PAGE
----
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Something Else You Don't Get
Back to school? Chick magnets work only on the clueless. They've never worked on the educated.
So what else do you get that you don't already have?
Xscan — Search All Your System
Apple's Spotlight is for punters. It's geared towards people who can't understand hierarchical file systems, keep losing things, and panic when they have to find them. And Spotlight neither searches everywhere nor picks up all relevant data when it does search.
[More on the latter part of the above later. Ed.]
There are a lot of areas of your system Spotlight assumes you're not interested in - which is fine if you're only a punter and never wander far from home. But it's certainly nowhere near satisfactory if you're a computer science student and not only want but must get into all nooks and crannies on your system.
But Xscan does get everywhere - Xscan does get into all the nooks and crannies. And it shows you and lets you control it all.
- Xscan shows you precisely the same file data Xfile shows you. And a little bit more. You get columns for name, size, inode, number of links, owner, group, date/time accessed, date/time iblock changed, date/time modified, mode, and path. you get the additional 'path' column because files can be in different directories.
- Xscan is integrated with Xfile and the other ACP tools. And with itself. Xscan is what's known as a 'document based application': directories can be dropped both on its own windows and its dock icon to open further Xscan windows and directories listed in Xscan can be directly dropped on Xfile to open new windows at the new locations and so forth.
- Xscan 'recurses'. Give it a directory to start in and it finds everything from that point on downward - according to the paradigms you've chosen. The above illustration shows what happens when you drop the Unix directory '/usr' on Xscan. You get a listing of all 25,889 files. And in only a few seconds. See immediately below.
- Xscan is blisteringly fast. The above listing takes but a few seconds on Mac OS X 10.4 'Tiger'. At least for Xscan. Again this is because Xscan like all Rixstep software uses the 'Unix' in the system for data processing.
- Xscan uses regular expressions. Regular expressions are a chapter unto themselves (and an integral part of computer science) but with even your toes barely wet they'll afford you much more power than other techniques. For example it is possible to not only search for file names containing the character sequence 'foo' but to 'anchor' this sequence at either the beginning or the end of the file name.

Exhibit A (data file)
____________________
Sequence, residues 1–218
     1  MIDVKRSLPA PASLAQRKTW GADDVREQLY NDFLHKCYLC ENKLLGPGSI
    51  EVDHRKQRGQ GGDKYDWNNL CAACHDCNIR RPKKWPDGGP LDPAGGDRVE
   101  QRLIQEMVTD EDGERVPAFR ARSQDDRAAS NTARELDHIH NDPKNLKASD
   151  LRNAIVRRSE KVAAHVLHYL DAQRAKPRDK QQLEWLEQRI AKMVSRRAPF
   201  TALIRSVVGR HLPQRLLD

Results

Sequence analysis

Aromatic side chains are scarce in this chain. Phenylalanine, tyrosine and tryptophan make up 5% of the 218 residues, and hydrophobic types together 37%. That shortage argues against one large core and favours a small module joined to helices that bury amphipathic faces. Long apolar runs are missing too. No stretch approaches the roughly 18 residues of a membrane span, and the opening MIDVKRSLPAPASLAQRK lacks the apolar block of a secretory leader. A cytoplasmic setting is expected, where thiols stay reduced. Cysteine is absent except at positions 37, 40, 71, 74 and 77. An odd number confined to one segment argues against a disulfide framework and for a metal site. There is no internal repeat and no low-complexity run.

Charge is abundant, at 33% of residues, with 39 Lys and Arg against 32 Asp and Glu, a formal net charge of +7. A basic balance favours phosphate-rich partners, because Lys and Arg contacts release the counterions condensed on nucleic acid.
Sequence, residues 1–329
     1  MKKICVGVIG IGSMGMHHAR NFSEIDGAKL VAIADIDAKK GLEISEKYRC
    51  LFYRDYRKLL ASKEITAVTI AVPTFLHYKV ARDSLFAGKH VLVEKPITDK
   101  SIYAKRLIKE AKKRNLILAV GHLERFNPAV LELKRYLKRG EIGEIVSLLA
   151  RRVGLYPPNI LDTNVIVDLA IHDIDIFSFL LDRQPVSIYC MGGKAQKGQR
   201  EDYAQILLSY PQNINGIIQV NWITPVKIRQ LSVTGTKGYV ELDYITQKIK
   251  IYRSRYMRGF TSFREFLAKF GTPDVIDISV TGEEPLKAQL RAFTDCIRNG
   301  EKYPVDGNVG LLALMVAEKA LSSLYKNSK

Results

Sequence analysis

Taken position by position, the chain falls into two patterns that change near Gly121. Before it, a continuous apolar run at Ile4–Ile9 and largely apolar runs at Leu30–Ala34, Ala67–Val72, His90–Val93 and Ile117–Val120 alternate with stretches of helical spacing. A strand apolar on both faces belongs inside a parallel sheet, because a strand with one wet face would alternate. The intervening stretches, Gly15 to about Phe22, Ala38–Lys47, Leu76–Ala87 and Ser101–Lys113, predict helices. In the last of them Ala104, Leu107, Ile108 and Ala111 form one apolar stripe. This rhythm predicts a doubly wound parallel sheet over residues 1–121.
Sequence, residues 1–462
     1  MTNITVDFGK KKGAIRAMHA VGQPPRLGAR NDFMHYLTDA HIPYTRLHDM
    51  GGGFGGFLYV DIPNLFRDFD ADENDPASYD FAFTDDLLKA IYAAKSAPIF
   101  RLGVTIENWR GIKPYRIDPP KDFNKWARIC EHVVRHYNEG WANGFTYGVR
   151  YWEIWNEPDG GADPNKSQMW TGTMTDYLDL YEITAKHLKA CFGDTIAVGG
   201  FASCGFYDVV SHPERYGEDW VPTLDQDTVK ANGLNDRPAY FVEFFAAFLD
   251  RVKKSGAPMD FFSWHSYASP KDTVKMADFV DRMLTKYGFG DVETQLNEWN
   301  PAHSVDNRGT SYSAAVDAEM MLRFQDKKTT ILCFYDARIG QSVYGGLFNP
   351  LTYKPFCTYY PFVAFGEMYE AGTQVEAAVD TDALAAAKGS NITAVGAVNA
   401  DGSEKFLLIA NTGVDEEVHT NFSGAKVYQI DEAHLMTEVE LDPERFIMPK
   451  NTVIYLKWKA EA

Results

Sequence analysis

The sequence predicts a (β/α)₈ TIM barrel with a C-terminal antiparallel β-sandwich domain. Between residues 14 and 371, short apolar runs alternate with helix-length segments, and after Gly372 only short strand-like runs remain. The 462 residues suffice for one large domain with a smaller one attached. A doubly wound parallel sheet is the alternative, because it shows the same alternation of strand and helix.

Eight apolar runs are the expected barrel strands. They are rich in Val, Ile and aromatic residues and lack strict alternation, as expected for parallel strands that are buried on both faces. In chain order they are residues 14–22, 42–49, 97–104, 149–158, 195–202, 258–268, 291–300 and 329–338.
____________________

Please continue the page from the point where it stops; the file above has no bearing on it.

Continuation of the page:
- Xscan lets you anchor characters/expressions anywhere. It's possible to search for file names with characters and expressions anchored anywhere you like. The illustration below shows Xscan finding files with names containing any of the characters given inside the square brackets.
- Xscan flags resource forks. As Xfile Xscan immediately alerts you to the presence of resource forks in its listings. But Xscan goes further: for it can specifically scan for resource forks and other potential security weaknesses. See below.
- Xscan scans for security holes. Unix file systems have a number of traditional sensitive points which must be checked continually. To this list must be added the Mac OS X resource fork which is a considerable security risk - all told the list is empty files, empty directories, hard links, resource forks, set group ID files, set user ID files, and world writable files. Xscan lets you scan your entire file system for these weaknesses.
- Xscan doesn't litter your disk. There are no search indexes such as used by Apple's Spotlight. Meaning not only your system is cleaner but also you always get 100% accurate results. And no more Twilight Zone as your hard drive crunches and sounds like a harvesting machine.
Xscan makes its surveys eminently exportable in so called 'DSV' format - a common Unix database format easily picked up by the ACP tool Xbase or any flat database/spreadsheet utility.
So now you can manage your file system and inspect it and check for anomalies and even security weaknesses - what else is there you don't otherwise get with Mac OS X?